Stability

fossyant

Ride It Like You Stole It!
Location
South Manchester
OP, do you load your bike as much as in your avatar ? If you do, you really need a cargo bike.

My best man toured the world on a Thorn MTB, but had panniers front and rear to keep the weight balanced.
 

Tigerbiten

Veteran
Your problem isn't a language problem so it's your own problem then.
It makes your words:
"I said why did you buy something you didn't want".
... pointless - "you want" implies a choice of me, and there was no choice of me - the producer/dealer chosed.
But your choice is do you accept what the dealer had picked or not.
If you don't like what is normally picked for the bike as standard, then you haggle until you get something that is acceptable to you and is doable for the dealer.
If the dealer truly wants the sale there's probably always a little leeway about what's fitted.
The downside is you may well need to pay a little extra for the non-standard parts.
If you cannot come to an agreement about parts/cost then you can always go somewhere else.
Even if you don't alter anything, if you haggle a little you may get a discount ......... :biggrin:

That why my recumbent trike has very very non-standard gears.
I knew I wanted a much bigger range to my gears than normally offered.
So I sat down with the manufacturer/dealer and has a frank session where I said what I wanted and they told me what was possible.
In the end I probably picked the most expensive option but I almost had the gear range I wanted.
A couple of further tweaks as I got used to them has given me exactly what I want from my gears, a range of 9.4"-178".

So there's always a choice, but it may not be an easily obvious choice ......... :biggrin:
 
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OP
silva

silva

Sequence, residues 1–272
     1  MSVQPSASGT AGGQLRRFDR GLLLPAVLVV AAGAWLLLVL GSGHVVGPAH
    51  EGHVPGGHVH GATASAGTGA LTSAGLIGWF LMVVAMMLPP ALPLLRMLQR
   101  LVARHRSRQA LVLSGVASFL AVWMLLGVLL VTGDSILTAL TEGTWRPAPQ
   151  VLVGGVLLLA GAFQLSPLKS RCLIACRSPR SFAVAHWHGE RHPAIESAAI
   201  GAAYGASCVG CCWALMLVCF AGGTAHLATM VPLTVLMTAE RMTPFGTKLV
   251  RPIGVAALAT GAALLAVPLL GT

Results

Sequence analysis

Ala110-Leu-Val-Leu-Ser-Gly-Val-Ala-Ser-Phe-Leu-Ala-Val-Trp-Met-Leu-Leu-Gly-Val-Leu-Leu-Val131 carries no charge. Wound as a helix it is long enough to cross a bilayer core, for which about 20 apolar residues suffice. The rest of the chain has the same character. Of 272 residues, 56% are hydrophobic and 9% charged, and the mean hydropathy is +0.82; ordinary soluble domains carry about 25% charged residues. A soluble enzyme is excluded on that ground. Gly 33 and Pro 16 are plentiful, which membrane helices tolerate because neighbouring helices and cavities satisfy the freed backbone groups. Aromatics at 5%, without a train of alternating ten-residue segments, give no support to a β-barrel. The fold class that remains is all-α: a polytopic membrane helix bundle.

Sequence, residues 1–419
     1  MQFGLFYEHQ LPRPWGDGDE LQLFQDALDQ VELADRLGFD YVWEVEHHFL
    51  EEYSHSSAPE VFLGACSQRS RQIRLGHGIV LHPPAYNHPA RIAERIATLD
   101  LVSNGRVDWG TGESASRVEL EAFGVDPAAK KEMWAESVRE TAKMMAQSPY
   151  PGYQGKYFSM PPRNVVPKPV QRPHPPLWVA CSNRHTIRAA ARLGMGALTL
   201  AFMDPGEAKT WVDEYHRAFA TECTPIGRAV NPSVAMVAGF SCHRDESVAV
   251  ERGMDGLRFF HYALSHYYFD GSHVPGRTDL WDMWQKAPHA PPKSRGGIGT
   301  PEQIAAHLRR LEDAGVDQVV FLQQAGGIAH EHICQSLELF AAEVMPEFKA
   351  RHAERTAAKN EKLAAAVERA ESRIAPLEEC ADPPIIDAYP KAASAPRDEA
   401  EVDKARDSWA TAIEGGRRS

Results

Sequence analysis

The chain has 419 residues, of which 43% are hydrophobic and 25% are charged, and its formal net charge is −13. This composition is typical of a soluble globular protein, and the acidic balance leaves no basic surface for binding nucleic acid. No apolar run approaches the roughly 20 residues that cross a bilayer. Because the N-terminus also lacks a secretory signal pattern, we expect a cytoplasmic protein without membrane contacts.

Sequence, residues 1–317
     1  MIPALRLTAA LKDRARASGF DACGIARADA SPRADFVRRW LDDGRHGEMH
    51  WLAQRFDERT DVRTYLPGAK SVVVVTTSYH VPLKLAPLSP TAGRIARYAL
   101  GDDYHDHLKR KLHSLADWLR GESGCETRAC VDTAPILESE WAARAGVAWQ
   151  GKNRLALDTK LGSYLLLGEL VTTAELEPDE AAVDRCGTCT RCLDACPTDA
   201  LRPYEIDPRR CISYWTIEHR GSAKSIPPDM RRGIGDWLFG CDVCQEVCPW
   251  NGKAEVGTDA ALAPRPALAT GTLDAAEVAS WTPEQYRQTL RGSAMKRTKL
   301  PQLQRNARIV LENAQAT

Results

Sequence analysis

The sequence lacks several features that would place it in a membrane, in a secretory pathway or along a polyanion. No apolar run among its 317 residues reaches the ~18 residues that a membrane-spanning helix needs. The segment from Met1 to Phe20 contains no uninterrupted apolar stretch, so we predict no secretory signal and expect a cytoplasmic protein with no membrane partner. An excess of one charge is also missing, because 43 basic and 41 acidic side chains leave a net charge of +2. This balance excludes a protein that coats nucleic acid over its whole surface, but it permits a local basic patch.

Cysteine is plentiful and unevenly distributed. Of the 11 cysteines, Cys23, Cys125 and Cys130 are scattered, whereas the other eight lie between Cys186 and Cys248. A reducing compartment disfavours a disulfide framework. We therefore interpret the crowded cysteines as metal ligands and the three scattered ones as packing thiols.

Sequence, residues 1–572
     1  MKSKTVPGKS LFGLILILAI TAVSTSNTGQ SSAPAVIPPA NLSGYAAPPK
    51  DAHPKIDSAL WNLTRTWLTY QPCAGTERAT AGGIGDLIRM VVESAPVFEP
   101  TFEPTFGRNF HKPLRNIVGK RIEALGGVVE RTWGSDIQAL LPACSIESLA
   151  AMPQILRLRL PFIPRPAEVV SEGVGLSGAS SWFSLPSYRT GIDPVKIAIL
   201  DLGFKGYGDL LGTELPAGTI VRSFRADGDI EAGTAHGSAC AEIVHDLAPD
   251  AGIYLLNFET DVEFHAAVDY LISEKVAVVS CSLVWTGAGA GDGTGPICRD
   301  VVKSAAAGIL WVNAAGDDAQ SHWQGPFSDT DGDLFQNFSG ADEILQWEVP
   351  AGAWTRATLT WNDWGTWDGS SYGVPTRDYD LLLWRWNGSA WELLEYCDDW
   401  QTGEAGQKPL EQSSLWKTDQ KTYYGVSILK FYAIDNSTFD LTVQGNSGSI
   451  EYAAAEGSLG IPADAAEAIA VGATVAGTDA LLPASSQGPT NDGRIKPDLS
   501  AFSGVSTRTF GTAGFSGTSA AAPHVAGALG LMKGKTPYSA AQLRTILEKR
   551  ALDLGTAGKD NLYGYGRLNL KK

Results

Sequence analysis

Active Member
Location
Belgium
But your choice is do you accept what the dealer had picked or not.
The dealer didn't specify all properties of all parts of the bike.
The dealer didn't give me a list of brands and models of all parts of the bike.
The dealer didn't even know himself which brands/models the drivetrain components would be.
I was demanded an ahead-payment of 2500 of the 4300 euro that the bike costed.
Reason given: "to give the engineers something to work with".
The rear light, was compared to that just a detail, I never expected it to have no switch, I never had a bike with lights without an on/off switch. And also unaware those existed. It was a surprise, post mortem.
There was alot untold to me. Including that 5mm wrong chainline, which unveiled the dealers production time - statement that they had found a solution to make the chainline "100% straight" as a plain lie.
I asked for a 1/8" drivetrain. I wasn't told that the chainring was 3/32". I had to discover it, when it wore out in a single month, not only due to being thinner, but also due to the chainline.
And then you claim here that it all were choices of me?
 
OP
silva

silva

Active Member
Location
Belgium
you did have a choice and you chose to buy

its not that difficult ….you parted with money and got goods in return, that means you bought something
The claim was not that I bought something, but that I chosed the parts of the bike. A wrong claim. It's that easy.